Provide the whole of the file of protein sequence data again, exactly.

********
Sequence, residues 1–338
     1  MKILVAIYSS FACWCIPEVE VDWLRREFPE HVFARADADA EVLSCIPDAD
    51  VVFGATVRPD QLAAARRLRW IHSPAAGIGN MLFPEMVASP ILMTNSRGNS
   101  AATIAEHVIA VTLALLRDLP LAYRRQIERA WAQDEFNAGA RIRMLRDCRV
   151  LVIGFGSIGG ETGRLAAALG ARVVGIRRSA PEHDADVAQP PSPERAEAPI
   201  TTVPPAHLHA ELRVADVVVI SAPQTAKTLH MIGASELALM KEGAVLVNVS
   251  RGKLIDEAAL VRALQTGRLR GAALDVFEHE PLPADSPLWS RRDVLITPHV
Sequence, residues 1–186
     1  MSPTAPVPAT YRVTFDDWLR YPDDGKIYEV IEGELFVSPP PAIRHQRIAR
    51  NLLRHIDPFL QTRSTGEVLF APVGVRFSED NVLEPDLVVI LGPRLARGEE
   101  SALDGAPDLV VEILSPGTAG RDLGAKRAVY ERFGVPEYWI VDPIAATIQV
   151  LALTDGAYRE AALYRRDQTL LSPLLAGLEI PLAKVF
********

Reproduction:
Sequence, residues 1–338
     1  MKILVAIYSS FACWCIPEVE VDWLRREFPE HVFARADADA EVLSCIPDAD
    51  VVFGATVRPD QLAAARRLRW IHSPAAGIGN MLFPEMVASP ILMTNSRGNS
   101  AATIAEHVIA VTLALLRDLP LAYRRQIERA WAQDEFNAGA RIRMLRDCRV
   151  LVIGFGSIGG ETGRLAAALG ARVVGIRRSA PEHDADVAQP PSPERAEAPI
   201  TTVPPAHLHA ELRVADVVVI SAPQTAKTLH MIGASELALM KEGAVLVNVS
   251  RGKLIDEAAL VRALQTGRLR GAALDVFEHE PLPADSPLWS RRDVLITPHV
Sequence, residues 1–186
     1  MSPTAPVPAT YRVTFDDWLR YPDDGKIYEV IEGELFVSPP PAIRHQRIAR
    51  NLLRHIDPFL QTRSTGEVLF APVGVRFSED NVLEPDLVVI LGPRLARGEE
   101  SALDGAPDLV VEILSPGTAG RDLGAKRAVY ERFGVPEYWI VDPIAATIQV
   151  LALTDGAYRE AALYRRDQTL LSPLLAGLEI PLAKVF